A Positive Legacy
It was the Christian community that first said no to the sin of slavery and yes to its disenfranchised survivors. During the decades following slavery, when Blacks were denied attendance at the colleges and universities of the land, it was the church that founded a broad system of “faith-based” education institutions (primarily in the south). H. Richard Niebuhr, in his book The Social Sources of Denominationalism
, describes their birth as, “mushrooms springing up after a summer rain.”
It was the church in 1905 that supplied the charter members of the Niagara Movement, later to become the National Association for the Advancement of Colored People (NAACP), and supplied the civil rights movement of the 1950s and 1960s its primary spokespersons, its transportation system, its meeting houses, and its many marchers and martyrs, Black and White.
And how did we, the Seventh-day Adventist Church, relate to the needs encountered by this people, the only minority in the land brought here against its will; the only racial group whose males were castrated for spite and lynched for sport; the cultural unit whose women were so abused by their masters as to, along with later mixing with various Indian tribes, effectively eliminate the pure African strain that was brought here resulting in the redefinition of the slave descendants from African to Colored; the group decreed by the Supreme Court in the famous Dred Scott case of 1857 as “having no constitutional rights that the White man was bound to respect”; the only group in American history whose individuals, as voted by the infamous Philadelphia compromise of July, 1787, were legally declared three-fifths a person; the group that has for most of American history been the last ones hired and the first ones fired; and who, largely because of the many boundary maintaining mechanisms (formal and informal) structured by the nation, have proven insoluble in the cultural melting pot proposed by Thomas Jefferson as America’s social ideal?
The Adventist Connection
Our church’s contribution, given the time of its origin (1863), began slavery as slavery ended, and is a matter of good news and bad good news.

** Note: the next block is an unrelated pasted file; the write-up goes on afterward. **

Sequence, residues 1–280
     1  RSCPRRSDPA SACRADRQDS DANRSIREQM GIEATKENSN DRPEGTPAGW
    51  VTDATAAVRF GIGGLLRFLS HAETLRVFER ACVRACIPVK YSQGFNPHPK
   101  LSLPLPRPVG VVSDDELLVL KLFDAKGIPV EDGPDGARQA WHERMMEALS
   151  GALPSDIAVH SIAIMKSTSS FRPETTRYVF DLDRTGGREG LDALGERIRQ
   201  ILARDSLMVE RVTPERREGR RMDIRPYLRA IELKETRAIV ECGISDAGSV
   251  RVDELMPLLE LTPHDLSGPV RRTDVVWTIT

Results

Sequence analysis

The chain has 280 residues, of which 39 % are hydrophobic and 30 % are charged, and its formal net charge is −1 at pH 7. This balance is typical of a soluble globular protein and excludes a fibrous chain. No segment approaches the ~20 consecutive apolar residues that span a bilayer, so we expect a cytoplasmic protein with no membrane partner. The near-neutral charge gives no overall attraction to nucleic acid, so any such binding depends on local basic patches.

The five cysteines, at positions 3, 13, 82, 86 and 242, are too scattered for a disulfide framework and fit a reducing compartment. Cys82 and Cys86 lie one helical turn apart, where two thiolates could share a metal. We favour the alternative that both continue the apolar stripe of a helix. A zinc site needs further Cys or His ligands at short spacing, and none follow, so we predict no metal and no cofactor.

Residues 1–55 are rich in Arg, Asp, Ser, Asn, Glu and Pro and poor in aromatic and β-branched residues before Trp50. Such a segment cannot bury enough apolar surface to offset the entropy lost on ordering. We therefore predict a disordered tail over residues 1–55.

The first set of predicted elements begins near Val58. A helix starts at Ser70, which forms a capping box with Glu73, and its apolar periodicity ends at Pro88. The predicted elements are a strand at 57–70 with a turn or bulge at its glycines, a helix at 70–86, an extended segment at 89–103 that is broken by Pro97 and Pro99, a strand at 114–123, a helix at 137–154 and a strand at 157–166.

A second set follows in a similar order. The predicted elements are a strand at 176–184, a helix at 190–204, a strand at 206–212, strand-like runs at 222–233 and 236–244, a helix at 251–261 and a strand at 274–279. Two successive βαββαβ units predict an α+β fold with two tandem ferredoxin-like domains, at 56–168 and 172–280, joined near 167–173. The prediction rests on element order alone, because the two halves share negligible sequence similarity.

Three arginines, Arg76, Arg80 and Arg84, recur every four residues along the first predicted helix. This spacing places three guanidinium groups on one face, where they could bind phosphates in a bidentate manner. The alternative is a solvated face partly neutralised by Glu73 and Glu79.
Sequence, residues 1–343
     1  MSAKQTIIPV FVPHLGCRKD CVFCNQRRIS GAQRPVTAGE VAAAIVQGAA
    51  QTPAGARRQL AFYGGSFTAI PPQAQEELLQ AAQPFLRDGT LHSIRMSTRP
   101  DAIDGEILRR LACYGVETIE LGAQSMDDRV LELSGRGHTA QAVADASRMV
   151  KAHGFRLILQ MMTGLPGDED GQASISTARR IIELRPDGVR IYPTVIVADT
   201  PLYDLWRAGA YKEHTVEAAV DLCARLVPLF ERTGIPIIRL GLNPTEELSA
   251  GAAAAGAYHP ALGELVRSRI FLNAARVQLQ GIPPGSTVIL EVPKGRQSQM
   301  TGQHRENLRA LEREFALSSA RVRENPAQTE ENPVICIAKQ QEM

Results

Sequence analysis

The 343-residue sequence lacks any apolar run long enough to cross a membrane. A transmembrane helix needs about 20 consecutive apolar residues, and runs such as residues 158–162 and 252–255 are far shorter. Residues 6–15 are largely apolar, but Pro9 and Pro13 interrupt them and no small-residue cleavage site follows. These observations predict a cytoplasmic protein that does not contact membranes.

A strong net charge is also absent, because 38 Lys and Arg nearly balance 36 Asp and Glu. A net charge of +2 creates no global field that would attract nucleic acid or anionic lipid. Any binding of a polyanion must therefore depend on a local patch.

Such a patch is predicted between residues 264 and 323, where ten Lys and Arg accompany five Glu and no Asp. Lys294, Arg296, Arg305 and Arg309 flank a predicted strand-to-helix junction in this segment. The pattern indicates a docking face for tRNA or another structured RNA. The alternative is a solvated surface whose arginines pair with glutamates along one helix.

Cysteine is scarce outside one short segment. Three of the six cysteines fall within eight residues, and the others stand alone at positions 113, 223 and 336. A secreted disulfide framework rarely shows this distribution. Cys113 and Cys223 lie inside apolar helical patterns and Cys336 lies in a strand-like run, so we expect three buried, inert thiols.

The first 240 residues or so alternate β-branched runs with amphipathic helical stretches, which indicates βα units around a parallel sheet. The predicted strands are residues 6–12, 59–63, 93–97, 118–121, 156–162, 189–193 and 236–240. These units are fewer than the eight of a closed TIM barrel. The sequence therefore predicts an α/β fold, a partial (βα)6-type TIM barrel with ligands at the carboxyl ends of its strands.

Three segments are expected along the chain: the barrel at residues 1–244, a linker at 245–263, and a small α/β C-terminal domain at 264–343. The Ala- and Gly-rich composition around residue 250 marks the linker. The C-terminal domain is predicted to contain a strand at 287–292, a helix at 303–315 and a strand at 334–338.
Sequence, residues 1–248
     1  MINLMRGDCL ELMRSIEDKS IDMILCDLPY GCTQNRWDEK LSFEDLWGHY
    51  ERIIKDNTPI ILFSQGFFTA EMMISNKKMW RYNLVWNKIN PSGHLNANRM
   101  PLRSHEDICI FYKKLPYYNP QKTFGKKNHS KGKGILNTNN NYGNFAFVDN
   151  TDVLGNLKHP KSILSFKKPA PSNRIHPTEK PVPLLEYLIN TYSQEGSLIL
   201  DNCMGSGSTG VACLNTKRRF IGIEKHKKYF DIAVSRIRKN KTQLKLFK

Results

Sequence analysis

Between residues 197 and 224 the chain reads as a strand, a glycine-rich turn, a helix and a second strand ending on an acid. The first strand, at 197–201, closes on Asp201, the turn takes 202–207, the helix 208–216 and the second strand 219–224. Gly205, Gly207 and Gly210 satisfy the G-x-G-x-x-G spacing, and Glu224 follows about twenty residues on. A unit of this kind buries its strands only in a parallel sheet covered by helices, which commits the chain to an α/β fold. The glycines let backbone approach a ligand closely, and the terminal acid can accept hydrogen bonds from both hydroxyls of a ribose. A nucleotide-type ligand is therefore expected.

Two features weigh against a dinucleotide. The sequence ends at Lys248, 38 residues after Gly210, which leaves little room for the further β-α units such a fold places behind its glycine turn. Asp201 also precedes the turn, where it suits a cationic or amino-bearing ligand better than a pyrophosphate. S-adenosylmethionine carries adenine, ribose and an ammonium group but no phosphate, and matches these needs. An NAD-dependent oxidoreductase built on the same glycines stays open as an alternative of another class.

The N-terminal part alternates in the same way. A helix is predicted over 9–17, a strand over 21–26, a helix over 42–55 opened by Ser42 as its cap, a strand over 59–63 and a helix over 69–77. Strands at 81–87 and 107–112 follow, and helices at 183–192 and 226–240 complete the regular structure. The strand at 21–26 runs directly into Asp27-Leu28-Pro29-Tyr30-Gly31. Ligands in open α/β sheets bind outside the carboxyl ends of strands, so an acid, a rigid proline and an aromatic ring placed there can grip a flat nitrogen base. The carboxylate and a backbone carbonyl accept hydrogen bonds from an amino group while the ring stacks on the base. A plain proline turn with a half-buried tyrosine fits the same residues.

The bad news is that, as is the case with most churches with a high degree of apocalyptic expectation, our theologians tended to limit the “something better” principle. First, by framing it as a strictly spiritual notion. And second, in just as crippling a concept, relegating it to the “kingdom come,” what the cynics have coined as “pie in the sky way by and by.”
The result is that we have historically functioned within the parameters of the government’s decisions regarding such issues as the fugitive slave law, separate but equal, racial quotas, miscegenation, voting rights, and the like. Change has usually come only after the government has, by changing its laws, admitted its errors.
That includes opening our institution’s doors (hospitals, churches, and schools) to all, only after the government’s overthrow of Separate but Equal in Brown vs. The Board of Education in 1954. Clearly, we preachers of prophecy have, for the most part, been far less than prophetic in regard to social justice.
The consequence in the African American sector of Adventism has been much frustration and the loss of literally thousands whose understanding of God’s “something better” in the “here and now” would not allow them permanence in a structure where this was not a priority.
But there is good news as well. The good news is that many of our founders, including John Byington, our first General Conference president, were abolitionists. The Seventh-day Adventist Encyclopedia